(Click here for audit summary)
(Click here for Schweich audit of flight operations)
(Click here for audit summary)

After Schweich’s death, Deputy Auditor Otto reviewed the Governor’s office in 2015 and found that Nixon was continuing to live the high life. Among the audit’s findings:

Yet Nixon withheld over $400 million from the state budget that year, which included school and library funds, claiming that money was tight.

One can only wonder why.

(Click here for the full 2015 Otto audit)
(Click here for audit summary)

The Aftermath:

The notorious “militia” profiling report became public in mid-March of 2009, on the same day that Nixon and the U.S. Secretary of Homeland Security were giving speeches together at a conference in Kansas City. Nixon immediately defended the report, and the value of the "fusion" center that produced it.

(Click here for the full text approved by Nixon, the DPS, MHSP and MIAC)
(Click here for Nixon's initial reaction)
(Click here for the story of Nixon's changing response)

A week later, after mounting criticism, the report was withdrawn from circulation. Nixon then claimed that it was approved without his knowledge of the contents. By early April, the MIAC's top administrator, Lt. Van Godsey, had been replaced.

(Click here for the story of withdrawal of the report)
(Click here for the story about Van Godsey's dismissal)

The House placed an amendment in a funding bill to prohibit "profiling", but a lack of definition of the term made it legally unenforceable. Three months later, a committee was formed to investigate MIAC activity. MIAC officials testified that "strategic reports" would not be issued in "the foreseeable future".

(Click here for the immediate reaction in the legislature to the report)
(Click here for a summary of the June committee hearings)

In recognition of Nixon’s support for federal “fusion” centers that profile Missourians, President Obama appointed Nixon to his newly-created, ten-man Council of Governors in 2010. As part of the Council, Nixon advises the President on matters of domestic terrorism.

(Click here for a press release about the Obama appointment)

As for the Real ID Act, a Stoddard County resident, Eric Griffin, sued when he was denied a gun permit for refusing to have his personal documents scanned. This prompted a House committee to investigate the matter. By July, compliance with the Real ID Act had stopped, and Senate Bill 252 was signed into law, which made scanning of personal documents by the Department of Revenue illegal.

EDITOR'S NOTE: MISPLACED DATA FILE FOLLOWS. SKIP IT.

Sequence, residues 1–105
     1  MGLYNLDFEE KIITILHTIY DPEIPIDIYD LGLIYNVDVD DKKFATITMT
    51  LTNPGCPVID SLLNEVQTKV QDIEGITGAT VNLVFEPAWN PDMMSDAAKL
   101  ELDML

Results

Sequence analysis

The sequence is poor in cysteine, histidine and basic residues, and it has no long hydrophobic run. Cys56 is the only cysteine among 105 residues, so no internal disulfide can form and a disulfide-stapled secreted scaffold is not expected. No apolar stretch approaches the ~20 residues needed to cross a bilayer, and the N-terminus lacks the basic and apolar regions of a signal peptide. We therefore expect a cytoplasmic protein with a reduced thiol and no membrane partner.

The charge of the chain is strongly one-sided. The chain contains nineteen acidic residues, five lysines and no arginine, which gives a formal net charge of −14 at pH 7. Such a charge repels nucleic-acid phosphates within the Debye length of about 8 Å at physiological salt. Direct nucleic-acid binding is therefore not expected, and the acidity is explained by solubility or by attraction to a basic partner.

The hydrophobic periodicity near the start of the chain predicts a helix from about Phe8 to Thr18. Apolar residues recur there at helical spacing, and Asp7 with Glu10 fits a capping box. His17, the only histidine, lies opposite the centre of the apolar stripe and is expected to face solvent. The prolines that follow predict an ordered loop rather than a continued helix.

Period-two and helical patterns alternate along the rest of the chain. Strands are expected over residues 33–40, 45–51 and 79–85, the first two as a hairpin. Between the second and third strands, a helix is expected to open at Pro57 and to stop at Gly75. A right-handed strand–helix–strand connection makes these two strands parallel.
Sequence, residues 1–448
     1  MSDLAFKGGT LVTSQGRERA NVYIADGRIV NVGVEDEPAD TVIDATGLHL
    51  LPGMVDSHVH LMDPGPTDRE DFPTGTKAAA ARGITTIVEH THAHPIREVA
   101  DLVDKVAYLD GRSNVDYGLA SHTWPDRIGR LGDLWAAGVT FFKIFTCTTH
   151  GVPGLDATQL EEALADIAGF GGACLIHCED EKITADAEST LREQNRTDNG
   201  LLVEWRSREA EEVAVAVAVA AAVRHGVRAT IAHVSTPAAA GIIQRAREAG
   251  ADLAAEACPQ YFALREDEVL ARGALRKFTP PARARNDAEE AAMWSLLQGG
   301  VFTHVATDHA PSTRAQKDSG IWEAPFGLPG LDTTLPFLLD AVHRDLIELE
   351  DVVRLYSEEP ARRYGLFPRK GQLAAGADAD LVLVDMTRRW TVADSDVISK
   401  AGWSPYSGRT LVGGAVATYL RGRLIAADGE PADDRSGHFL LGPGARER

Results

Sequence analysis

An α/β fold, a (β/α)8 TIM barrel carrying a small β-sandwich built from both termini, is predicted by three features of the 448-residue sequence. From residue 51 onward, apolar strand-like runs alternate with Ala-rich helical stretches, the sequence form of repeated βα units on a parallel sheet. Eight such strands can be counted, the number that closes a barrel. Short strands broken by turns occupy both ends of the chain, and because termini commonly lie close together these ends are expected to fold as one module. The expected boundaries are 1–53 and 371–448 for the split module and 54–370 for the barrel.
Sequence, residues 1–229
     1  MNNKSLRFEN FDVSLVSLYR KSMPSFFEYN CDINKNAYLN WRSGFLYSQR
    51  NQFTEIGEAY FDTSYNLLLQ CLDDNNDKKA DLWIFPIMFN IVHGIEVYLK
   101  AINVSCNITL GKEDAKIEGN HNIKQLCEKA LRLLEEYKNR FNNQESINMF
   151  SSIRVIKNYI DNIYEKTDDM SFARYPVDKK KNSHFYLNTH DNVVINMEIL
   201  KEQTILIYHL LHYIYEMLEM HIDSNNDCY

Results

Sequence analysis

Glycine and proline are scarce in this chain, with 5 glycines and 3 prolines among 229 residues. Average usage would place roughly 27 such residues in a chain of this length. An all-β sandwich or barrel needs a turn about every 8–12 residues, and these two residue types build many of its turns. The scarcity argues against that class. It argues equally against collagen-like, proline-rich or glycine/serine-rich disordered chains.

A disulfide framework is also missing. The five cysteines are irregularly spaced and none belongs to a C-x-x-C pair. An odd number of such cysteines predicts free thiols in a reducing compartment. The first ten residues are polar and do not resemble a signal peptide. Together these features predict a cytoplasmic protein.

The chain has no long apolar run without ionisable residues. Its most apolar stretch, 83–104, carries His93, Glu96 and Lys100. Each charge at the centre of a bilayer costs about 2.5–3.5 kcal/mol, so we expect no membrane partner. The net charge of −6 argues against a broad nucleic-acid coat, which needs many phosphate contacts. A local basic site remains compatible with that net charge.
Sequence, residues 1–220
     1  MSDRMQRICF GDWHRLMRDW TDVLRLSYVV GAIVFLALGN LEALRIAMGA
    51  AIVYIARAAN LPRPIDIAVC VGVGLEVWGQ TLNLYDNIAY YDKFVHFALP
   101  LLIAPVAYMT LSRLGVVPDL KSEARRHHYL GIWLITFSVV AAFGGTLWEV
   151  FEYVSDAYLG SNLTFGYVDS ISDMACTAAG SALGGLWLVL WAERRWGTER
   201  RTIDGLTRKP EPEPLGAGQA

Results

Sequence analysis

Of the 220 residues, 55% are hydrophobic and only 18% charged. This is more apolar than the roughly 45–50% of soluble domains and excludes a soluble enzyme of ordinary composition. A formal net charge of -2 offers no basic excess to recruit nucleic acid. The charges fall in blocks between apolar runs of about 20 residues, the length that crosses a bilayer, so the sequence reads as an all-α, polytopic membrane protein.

(Click here for the October conclusions of the investigative committee)
(Click here for the full text of SB 252)

At first Nixon denied that any data collection was taking place. Later, Nixon claimed that his employees acted without his knowledge. However, a letter from the Department of Homeland Security surfaced in which Secretary Napolitano thanked Gov. Nixon for implementing measures of the Real ID Act.

Nixon maintains that he never read the letter.

(Click here to read about Nixon's denial of Real ID compliance)
(Click here to read about communications with the Dept. of Homeland Security)
(Click here for the full text of the letter to Nixon)
(Click here for Nixon's denial of reading the letter)

No state officials were punished for the scanning practice. This caused outrage from certain legislators, who filed three separate articles of impeachment against Nixon. The charges never made it out of committee.

(Click here for the impeachment articles related to the Real ID scandal)
(Click here to read about the charges brought against Governor Nixon)

Schweich sued Nixon over illegally withholding funds in 2012. The Missouri Supreme Court refused to hear the case. In 2014, the General Assembly put an amendment up for public vote to limit the Governor’s power to withhold funds. The amendment passed.

Although the children from Kansas City never saw the Governor, he did eventually reinstate funding for their library.

The Senate Appropriations Committee railed against Nixon’s purchase approval and use of the King Air 250, but did little else.

A 2015 audit by Deputy Auditor Otto revealed that the Governor continued to use other departments’ money for himself, to the point that his office and mansion overspent their budget by at least $1.9 million and then short-changed other departments. The Governor remains largely silent on the issue.

He did claim that his state-funded $1,300 family float trip was meant to promote Missouri tourism.

(Click here for the lawsuit story)
(Click here for the story of the library fund restoration)
(Click here for legislative reaction to the plane purchase)

Continue to Next Article | Back to Part One

Jon Schuessler is a Volunteer leader in Jefferson County, and the chairman for Missouri Volunteers for Government Reform, a Political Action Committee (PAC) of the Volunteer Movement. Click here to read his bio or contact him.